“As somebody … who’s done a PhD in contemporary literary fiction, and taught it for over 20 years – you think I’d know [reading books] is worth doing.”

What broke Seaboyer out of her slump was reading new work by an author she loves – Ali Smith’s Companion Piece. Synthesising ideas and making comparisons across multiple texts is also a known strategy for deepening reading comprehension, so some might find it helpful to dig into multiple books by the same author.

Seaboyer’s advice is to read with curiosity and to carefully consider an author’s choices, which can lead to a deeper understanding of language, characters and plot. “Jot things down, annotate your book, write things in the margin,” she says. “Some publishers are putting out reading guides now – that’s often quite useful.”

Nabokov believed that “One cannot read a book: one can only reread it”. For him, revisiting books – like the process of regarding a painting – meant the mind first “takes in the whole picture and then can enjoy its details”.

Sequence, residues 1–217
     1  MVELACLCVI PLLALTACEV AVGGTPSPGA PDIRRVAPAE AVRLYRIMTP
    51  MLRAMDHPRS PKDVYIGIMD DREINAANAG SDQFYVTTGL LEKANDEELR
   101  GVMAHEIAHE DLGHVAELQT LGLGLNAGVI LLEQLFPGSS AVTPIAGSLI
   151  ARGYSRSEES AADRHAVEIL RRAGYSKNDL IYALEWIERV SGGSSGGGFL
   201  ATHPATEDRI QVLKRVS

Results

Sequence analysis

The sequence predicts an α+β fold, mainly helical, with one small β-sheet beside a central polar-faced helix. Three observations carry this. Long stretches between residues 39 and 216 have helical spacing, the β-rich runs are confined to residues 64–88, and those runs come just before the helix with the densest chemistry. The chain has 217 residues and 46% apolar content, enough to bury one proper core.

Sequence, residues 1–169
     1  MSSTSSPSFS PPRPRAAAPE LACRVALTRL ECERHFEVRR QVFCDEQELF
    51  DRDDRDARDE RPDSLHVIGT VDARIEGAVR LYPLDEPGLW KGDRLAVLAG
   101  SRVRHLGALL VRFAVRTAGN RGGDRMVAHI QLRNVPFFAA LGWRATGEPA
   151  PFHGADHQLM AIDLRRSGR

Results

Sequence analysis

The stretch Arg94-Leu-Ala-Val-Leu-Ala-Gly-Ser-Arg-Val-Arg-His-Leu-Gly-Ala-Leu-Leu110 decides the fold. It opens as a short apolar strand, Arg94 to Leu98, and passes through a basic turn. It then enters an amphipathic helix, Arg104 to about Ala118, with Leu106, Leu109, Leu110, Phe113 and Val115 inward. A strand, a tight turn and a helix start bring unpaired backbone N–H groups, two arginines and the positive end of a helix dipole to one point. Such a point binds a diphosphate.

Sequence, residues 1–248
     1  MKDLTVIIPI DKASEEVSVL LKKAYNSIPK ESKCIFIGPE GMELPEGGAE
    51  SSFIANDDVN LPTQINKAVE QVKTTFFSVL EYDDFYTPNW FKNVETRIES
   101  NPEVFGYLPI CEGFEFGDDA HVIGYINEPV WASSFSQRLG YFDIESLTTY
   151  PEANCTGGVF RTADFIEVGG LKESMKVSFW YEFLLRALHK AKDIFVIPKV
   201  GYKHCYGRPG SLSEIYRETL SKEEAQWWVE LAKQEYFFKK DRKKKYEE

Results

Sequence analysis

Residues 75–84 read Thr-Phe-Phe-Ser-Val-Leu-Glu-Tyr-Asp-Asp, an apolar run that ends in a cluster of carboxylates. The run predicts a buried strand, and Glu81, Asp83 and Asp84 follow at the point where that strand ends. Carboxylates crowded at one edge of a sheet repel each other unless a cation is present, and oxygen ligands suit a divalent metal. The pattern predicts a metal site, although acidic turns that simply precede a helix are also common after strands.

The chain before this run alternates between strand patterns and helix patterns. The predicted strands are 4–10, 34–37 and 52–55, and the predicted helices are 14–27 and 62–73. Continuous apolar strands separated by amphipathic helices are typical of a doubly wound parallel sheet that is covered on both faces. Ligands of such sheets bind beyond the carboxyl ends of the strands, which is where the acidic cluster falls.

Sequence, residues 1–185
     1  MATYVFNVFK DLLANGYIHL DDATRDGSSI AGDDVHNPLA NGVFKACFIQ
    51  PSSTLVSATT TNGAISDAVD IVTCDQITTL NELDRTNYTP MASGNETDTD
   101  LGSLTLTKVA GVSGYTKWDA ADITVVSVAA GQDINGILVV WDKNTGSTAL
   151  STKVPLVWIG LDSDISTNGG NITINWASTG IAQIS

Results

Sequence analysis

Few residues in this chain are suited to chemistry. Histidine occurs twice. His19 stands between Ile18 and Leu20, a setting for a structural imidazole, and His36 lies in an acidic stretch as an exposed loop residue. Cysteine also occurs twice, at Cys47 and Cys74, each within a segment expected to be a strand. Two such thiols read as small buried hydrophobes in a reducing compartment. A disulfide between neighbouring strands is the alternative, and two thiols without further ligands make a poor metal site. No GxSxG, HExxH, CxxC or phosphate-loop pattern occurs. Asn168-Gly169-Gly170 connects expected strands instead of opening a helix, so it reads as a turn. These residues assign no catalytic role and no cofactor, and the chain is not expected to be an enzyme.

“You [might] remember that you really loved reading Austen,” Seaboyer says. “It’s interesting to be thinking as you read … now that I’m older and wiser, am I seeing any of this any differently than I did when I was 18?”

“There are ways to be kind to yourself, to allow yourself the opportunity not to understand something the first time through, or to say … maybe there’s a different book I should read first,” Baron says. “It’s like reading James Joyce: if you want to start with Ulysses, good luck. If you start with A Portrait of the Artist as a Young Man, you’ll have a better shot at working your way in.”

Copy of Ulysses by James Joyce
‘It’s like reading James Joyce: if you want to start with Ulysses, good luck.’ Photograph: Martin Argles/The Guardian

If reading solely for pleasure, abandoning books that are not bringing enjoyment could, in fact, increase reading time. Of frequent readers surveyed in 2021 – those who consumed at least one book a month – 54% reported not finishing a book if they disliked it. As a result, they “move[d] on more quickly to the next book for greater enjoyment … and have fewer and shorter gaps between books”.